The Hormone Therapy - Breast Cancer Connection
Hormones and the Breast Cancer Drop
Back in December the dramatic news broke that breast-cancer cases in the United States dropped 7 percent in 2003 -- the biggest drop in any single year and the biggest drop in two decades. But in the midst of this very good news on the cancer front, was there more bad news for the estimated 4.3 million American women taking hormone therapy (HT) for menopause?
Doctors and scientists said the startling drop in breast cancer seemed most likely to be the result of millions of women having abruptly stopped taking HT in 2002 when a major government study had raised such serious questions about the safety of taking estrogen and progestin that researchers quickly halted that part of the trial. The women who used that drug combination in the study -- the Women's Health Initiative (WHI) -- faced increased risk for breast cancer, heart attacks, and strokes. Once the news got out, sales of the drugs tumbled.
This latest breast-cancer caution -- courtesy of researchers from the University of Texas M.D. Anderson Cancer Center, the National Cancer Institute and UCLA -- sent women reeling again over the safety of taking hormones. We've consulted the nation's leading breast cancer and menopause experts to give you the following information to assess your options with your doctor.What did doctors find out about hormones and breast cancer?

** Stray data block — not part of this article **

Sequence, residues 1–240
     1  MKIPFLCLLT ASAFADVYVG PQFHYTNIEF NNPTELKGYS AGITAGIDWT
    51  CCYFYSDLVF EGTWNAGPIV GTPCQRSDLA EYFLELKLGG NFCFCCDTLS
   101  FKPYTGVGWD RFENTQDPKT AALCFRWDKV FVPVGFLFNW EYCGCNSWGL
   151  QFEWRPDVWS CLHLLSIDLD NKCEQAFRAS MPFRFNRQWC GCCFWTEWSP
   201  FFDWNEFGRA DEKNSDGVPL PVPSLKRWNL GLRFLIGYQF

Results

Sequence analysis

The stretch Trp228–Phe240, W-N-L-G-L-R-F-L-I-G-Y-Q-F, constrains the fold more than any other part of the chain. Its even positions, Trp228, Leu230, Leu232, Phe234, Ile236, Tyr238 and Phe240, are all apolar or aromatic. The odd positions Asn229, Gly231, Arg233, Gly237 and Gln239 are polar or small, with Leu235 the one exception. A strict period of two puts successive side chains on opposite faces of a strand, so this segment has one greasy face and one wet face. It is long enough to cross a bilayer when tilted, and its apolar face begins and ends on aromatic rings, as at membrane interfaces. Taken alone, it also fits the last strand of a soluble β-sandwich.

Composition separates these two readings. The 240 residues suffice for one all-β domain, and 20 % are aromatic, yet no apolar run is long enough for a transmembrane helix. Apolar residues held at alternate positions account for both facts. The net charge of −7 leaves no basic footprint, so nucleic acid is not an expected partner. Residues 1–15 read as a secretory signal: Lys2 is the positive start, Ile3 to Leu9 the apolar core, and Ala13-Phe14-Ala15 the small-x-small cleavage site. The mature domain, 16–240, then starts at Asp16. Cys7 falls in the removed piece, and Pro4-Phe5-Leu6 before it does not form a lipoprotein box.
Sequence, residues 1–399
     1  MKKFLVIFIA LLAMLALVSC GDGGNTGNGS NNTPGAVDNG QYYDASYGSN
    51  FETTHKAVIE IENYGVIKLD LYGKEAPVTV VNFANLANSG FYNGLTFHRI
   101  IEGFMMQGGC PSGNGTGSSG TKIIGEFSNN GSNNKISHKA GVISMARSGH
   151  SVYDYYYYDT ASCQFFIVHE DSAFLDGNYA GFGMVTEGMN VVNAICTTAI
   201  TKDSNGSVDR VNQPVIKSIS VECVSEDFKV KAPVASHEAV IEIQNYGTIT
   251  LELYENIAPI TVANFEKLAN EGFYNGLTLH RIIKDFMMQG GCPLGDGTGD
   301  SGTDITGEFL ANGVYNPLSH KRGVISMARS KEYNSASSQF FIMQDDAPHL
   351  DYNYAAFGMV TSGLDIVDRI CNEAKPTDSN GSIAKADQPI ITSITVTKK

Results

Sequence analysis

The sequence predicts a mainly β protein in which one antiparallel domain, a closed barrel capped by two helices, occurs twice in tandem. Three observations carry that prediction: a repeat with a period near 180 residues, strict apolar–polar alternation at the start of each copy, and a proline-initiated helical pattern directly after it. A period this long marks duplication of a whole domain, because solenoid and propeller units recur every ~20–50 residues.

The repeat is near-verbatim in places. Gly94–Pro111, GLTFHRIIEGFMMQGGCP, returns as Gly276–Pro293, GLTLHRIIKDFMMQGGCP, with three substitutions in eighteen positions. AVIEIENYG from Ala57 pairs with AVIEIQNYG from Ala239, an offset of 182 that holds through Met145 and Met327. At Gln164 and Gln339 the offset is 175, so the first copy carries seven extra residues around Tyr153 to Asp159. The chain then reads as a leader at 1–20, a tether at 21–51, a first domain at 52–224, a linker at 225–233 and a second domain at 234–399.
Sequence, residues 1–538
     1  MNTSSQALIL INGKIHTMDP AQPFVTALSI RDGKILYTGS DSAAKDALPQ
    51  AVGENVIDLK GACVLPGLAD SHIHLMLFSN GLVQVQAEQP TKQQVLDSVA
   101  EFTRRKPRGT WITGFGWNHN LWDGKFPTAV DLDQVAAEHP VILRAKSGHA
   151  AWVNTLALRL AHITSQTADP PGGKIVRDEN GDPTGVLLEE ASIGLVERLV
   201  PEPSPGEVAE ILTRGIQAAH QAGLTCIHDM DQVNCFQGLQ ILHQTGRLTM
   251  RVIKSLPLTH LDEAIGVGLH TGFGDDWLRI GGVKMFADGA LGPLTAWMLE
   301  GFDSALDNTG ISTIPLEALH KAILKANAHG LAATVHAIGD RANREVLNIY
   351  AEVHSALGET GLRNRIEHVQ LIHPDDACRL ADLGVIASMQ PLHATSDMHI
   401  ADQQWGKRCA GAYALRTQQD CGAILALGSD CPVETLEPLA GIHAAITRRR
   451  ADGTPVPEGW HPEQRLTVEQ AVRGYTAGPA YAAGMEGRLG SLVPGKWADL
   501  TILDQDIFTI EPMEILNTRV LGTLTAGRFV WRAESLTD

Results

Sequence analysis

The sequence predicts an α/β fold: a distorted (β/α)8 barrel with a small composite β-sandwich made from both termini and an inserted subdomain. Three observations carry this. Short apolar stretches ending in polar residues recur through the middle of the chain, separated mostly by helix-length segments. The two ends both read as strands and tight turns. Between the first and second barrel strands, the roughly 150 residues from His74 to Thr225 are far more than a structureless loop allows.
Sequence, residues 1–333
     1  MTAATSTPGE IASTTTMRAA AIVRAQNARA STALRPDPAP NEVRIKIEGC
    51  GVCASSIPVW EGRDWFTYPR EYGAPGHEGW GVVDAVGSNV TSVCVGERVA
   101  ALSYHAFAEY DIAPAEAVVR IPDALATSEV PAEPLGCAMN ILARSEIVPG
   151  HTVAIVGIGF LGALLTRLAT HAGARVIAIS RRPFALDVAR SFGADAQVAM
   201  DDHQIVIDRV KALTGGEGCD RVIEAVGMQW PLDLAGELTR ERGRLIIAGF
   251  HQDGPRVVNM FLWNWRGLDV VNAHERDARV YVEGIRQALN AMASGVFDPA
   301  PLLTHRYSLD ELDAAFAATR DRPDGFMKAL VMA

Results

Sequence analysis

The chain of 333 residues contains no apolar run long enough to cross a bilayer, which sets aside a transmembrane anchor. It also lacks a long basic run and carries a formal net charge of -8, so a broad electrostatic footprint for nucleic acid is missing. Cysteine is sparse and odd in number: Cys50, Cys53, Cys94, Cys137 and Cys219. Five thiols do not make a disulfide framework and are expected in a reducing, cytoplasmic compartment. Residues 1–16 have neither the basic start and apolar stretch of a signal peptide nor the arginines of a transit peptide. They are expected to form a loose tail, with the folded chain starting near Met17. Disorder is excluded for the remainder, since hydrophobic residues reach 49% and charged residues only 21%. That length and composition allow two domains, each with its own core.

That stunning 7 percent drop means that 14,000 American women didn't get breast cancer in 2003. Although we've known for years that taking hormones at menopause slightly increases a woman's risk of getting breast cancer, this new finding seemed to amplify this fact in the public's mind. Important unanswered questions remain, however. Doctors don't know whether the abrupt halt in hormone use in 2002 will result in a permanent decrease in breast cancer. One worry is that the tumors that weren't detected in 2003 will show up eventually; in other words, stopping hormones might slow their growth but not eliminate them. It's also possible that some small tumors that did not appear in 2003 will never appear because they could not grow without the extra hormones.
Most researchers caution that while the cancer drop and hormone halt may be linked, years' more study is needed to properly make a definitive connection. For example, three other factors might have contributed to the drop, though none was big enough to account for all of it: During that same period, Americans increased their use of calcium supplements, anti-inflammatory drugs, and the bone drug raloxifene. All are linked with lower breast cancer risk.
Another important question is whether fewer women actually had cancer in 2003 or whether doctors simply found fewer cancers. Mammography screenings dropped by 3.2 percent among menopausal women in 2003, compared with the year 2000. "Finding fewer breast cancers doesn't mean there are fewer," says James A. Simon, MD, clinical professor of obstetrics and gynecology at George Washington University. "My guess is that women who stopped their hormones didn't feel the need to get tested. If you don't check a temperature you don't find a fever."
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